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Investment key to addressing needs

Sen. Hillary Clinton’s visit to Hanging Rock today is not just an ordinary stop along the campaign trail.

Ohio University Southern’s Child Development Center is a strategic location because that is where the Democratic presidential hopeful will unveil a collection of proposals aimed at expanding childhood education, improving children’s nutrition and reducing the amount of children living in poverty.

The plan, according to information released to the Associated Press, includes:

4An early education initiative that starts with nurse’s visits for pregnant women, allows children to enter Head Start programs earlier and calls for universal pre-kindergarten programs.

4Directing the agriculture secretary to develop a plan to end childhood hunger, primarily through more participation in the food stamp program and expansion of those benefits.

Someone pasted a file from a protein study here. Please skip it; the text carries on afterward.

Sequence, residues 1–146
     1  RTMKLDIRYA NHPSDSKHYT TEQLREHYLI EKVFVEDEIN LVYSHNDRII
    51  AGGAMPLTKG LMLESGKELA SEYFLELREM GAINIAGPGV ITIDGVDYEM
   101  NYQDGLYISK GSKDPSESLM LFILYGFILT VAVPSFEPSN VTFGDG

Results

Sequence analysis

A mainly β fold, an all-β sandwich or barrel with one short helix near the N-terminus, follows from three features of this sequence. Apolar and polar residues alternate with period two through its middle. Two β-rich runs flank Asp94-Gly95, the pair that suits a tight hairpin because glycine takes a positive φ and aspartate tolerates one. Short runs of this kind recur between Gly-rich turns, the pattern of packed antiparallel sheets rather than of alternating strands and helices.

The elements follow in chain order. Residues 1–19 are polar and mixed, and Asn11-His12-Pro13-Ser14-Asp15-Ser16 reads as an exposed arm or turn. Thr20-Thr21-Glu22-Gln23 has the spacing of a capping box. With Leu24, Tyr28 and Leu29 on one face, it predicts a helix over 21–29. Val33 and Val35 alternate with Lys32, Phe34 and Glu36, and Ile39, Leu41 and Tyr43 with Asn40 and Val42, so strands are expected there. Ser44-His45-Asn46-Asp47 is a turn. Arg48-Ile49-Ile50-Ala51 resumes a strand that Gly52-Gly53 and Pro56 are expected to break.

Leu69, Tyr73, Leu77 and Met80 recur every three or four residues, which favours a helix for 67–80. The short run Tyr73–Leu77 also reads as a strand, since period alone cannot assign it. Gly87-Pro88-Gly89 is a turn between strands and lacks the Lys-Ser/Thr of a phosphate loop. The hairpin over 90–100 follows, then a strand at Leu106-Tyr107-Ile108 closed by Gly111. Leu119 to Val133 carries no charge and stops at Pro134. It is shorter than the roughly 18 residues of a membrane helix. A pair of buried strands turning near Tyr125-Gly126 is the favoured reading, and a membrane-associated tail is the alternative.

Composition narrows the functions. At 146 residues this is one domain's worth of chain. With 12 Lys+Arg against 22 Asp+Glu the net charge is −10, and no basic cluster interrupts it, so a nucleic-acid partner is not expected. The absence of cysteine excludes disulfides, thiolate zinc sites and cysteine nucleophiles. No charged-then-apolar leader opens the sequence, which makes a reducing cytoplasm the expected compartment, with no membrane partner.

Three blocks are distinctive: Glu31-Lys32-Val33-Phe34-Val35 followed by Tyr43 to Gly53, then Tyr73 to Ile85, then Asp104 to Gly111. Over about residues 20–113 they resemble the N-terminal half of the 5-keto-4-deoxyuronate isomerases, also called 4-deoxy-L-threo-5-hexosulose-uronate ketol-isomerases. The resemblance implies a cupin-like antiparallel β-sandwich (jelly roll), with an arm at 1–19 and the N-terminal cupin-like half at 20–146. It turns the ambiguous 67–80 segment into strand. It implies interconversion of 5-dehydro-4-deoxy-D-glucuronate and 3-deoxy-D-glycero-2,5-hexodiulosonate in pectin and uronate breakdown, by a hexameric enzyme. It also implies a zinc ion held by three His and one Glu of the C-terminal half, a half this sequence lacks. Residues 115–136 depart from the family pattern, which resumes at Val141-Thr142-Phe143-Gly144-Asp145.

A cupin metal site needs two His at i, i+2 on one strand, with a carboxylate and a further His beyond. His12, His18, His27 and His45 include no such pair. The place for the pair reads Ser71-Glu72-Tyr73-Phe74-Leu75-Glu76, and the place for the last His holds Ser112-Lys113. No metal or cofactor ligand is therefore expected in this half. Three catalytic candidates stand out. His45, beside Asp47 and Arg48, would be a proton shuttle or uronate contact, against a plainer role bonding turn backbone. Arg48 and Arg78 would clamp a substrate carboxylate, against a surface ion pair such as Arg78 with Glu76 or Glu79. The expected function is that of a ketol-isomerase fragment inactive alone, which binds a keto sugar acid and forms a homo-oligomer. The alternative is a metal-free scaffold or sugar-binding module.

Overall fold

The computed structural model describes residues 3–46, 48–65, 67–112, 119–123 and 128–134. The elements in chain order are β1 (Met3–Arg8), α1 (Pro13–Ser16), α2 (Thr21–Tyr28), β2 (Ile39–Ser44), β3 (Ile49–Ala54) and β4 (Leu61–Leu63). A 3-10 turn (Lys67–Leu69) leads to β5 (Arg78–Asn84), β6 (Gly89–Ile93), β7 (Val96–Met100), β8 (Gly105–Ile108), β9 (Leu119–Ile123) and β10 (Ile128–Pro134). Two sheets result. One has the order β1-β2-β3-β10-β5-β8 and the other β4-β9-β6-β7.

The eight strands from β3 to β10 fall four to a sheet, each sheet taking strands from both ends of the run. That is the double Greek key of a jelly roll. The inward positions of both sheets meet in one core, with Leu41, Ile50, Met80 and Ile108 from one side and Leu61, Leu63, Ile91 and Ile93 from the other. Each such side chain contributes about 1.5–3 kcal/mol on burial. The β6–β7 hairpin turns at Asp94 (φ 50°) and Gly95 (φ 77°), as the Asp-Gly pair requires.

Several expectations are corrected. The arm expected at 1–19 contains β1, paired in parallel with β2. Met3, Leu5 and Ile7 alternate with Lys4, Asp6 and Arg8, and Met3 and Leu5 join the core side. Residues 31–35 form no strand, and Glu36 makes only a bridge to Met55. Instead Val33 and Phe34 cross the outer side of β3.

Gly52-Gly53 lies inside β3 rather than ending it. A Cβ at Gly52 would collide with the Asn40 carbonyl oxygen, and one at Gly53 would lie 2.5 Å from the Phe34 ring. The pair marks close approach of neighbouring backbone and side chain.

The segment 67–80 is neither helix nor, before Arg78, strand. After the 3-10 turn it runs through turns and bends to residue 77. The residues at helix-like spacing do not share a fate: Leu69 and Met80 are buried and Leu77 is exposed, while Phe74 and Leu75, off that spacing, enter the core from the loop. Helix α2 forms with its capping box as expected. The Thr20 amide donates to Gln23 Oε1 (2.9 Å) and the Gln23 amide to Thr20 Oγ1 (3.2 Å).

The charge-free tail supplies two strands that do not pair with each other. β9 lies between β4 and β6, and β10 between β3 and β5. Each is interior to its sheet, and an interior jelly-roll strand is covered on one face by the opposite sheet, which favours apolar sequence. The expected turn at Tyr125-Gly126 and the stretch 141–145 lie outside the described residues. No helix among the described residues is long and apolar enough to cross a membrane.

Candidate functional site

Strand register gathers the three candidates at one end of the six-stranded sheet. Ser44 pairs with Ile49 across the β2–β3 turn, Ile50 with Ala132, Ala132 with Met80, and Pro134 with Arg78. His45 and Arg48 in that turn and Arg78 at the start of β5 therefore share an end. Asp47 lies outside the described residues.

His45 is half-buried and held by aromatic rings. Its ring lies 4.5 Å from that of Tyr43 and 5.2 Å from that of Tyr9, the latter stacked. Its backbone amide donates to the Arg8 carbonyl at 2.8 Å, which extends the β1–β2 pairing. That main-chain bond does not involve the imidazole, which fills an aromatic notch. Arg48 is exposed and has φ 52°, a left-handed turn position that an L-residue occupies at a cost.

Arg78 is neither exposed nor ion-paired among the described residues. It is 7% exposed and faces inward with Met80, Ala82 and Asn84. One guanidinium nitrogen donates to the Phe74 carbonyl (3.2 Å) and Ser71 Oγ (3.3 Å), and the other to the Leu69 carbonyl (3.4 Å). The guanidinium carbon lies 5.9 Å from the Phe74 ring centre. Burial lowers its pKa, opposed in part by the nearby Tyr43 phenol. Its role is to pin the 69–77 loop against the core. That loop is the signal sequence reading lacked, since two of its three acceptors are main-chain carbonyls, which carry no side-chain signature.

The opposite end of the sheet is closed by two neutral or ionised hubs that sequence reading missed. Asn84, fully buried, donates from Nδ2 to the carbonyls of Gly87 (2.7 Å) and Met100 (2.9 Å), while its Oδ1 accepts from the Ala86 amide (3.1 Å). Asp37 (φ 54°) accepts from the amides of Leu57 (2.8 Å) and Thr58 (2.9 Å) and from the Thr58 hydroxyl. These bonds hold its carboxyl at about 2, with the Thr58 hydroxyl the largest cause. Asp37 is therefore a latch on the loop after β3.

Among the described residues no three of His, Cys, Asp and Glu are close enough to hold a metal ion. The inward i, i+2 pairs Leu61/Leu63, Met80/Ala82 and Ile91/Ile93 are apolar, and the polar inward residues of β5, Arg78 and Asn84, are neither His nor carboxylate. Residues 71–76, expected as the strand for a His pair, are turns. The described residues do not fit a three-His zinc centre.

4School breakfast programs would be universal in low-income neighborhoods and Clinton says she would double the size of summer nutrition programs that would feed low-income children when they are in school.

4An effort to eliminate junk foods from schools by requiring schools that receive federal funding through the school lunch or breakfast programs offer only USDA-approved foods.

These are certainly programs that would benefit the counties in Ohio’s Appalachian region and it comes with a price tag of $5 billion to $6 billion. Clinton said it will be funded by more vigorous efforts to collect unpaid taxes.

That funding mechanism is unpredictable and arguably flimsy, but programs such as these are at least investments into young people living in poverty, which is attractive to this region of Ohio.

Federal and state programs that bring investment to poor areas, like Ohio’s Appalachian region, are necessary to break the cycle of poverty.